SAN FRANCISCO (AP/KPIX/CBS Newspath) — At a community meeting in San Francisco’s Sunset District Thursday, residents had a chance to question Police Chief Bill Scott and District Attorney Brooke Jenkins about violent crime in the city.

The deadly stabbing of tech business executive Bob Lee two days earlier reinforced the belief that anything can happen to anyone anywhere.

Lee’s death has further enflamed debate over public safety in San Francisco and its moribund downtown, which has not yet bounced back from the pandemic.

Twitter’s owner Elon Musk took to the social media site to post that “violent crime in SF is horrific and even if attackers are caught, they are often released immediately.” Musk tagged the city’s district attorney in the post.

Lee, 43, is known for creating the widely used mobile payment service Cash App while working as chief technology officer of the payment company Square, now known as Block. He was the chief product officer for the cryptocurrency firm MobileCoin at the time of his death.

“I’ve been downtown in the streets at night and I’ve been alone. It is scary but I don’t think it’s unique to San Francisco,” said Margaret Graf who has lived in San Francisco for more than 60 years.

Lee begged for help after being stabbed outside of a luxury apartment building on Main Street near the Bay Bridge, according to reports. According to KRON-TV, Lee screamed, “Help! Someone stabbed me,” into his phone as he called 911 for himself, surveillance footage and police records obtained by the San Francisco Standard reportedly showed.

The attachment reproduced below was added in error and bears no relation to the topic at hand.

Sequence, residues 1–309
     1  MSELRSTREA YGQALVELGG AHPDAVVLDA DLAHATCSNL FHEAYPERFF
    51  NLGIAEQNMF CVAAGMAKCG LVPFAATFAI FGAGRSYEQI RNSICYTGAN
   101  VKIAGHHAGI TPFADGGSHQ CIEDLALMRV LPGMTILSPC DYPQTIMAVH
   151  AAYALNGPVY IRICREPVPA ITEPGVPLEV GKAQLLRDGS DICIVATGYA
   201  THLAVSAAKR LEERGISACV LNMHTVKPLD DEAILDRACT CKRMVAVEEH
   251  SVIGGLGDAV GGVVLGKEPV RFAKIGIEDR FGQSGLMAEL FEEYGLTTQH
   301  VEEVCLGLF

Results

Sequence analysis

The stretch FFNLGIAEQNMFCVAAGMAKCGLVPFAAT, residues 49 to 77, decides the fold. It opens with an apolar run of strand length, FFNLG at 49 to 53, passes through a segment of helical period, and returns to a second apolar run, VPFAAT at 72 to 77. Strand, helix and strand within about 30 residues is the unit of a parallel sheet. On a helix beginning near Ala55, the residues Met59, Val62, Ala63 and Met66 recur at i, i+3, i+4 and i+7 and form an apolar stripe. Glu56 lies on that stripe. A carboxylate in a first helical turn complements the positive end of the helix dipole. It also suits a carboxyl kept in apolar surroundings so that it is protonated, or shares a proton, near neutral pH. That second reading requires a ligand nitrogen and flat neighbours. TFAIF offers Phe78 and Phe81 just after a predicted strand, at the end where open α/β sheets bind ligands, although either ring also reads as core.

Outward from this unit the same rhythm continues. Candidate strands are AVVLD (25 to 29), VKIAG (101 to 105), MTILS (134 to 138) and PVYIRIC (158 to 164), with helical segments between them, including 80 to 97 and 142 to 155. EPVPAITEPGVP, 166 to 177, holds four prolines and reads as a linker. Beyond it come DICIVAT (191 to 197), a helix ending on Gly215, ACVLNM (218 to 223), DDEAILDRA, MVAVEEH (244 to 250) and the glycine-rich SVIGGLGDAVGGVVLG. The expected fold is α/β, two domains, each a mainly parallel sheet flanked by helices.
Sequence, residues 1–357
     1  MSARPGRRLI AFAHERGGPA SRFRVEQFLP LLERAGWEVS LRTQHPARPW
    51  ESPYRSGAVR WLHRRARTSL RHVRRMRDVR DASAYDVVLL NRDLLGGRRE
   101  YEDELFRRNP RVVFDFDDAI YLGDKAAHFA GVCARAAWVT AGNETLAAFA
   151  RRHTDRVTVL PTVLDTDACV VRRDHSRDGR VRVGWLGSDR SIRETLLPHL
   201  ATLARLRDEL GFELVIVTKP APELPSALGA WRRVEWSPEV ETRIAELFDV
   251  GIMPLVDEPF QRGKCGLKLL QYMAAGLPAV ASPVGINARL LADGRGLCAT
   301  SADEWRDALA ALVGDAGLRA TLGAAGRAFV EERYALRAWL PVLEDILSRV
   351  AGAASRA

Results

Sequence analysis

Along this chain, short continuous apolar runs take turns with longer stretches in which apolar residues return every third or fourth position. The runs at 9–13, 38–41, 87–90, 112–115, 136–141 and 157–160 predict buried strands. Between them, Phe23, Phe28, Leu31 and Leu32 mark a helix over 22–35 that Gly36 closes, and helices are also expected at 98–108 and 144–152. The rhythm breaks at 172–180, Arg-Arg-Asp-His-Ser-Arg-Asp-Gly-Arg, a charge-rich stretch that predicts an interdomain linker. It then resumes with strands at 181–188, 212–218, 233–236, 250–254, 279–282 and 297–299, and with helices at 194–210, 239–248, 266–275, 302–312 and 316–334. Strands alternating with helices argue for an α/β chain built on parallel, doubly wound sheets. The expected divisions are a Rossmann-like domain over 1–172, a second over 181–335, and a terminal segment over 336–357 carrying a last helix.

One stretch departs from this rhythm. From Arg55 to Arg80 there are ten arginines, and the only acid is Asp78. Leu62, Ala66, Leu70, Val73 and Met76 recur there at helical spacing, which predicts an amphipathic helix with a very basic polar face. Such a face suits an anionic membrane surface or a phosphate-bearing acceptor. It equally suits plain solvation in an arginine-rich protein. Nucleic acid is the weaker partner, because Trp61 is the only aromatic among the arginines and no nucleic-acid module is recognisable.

Graf and a friend sat in a packed community center in the Sunset District, hoping to hear some solutions to the rise in crime.

Bob Lee’s stabbing death was just one of the issues addressed at the meeting. The crowd also heard a presentation of the city’s approach to dealing with drugs and homelessness.

“The police can’t even take care of this problem. So it’s going to be going on and there’s no resolution anytime soon,” Dorothy Lathan concluded.

There are residents that are asking for more proactive patrols but, with the police department down more than 560 officers, Chief Scott says it’s going to take time to get back to adequate staffing levels.

“We can’t do everything on overtime but that definitely helps and it helps us stabilize our deployment. So we have a plan to just try to stay stable. The good news is our hiring and our applicant pool is up significantly and it’s going to mean more people out of the academy but it’s going to take years…” said Scott.

The chief says the renewed collaboration with the district attorney’s office to prosecute criminals who police arrest is a welcome change.

Some feel the next step may be the need to change some of the laws to make sure people are paying for their crimes.

“We have to remember that the police are charged with enforcing the law but somebody else wrote the law. We’re the people who elected people to write those laws so it basically comes down to us,” Graf said.

— The Associated Press contributed to this report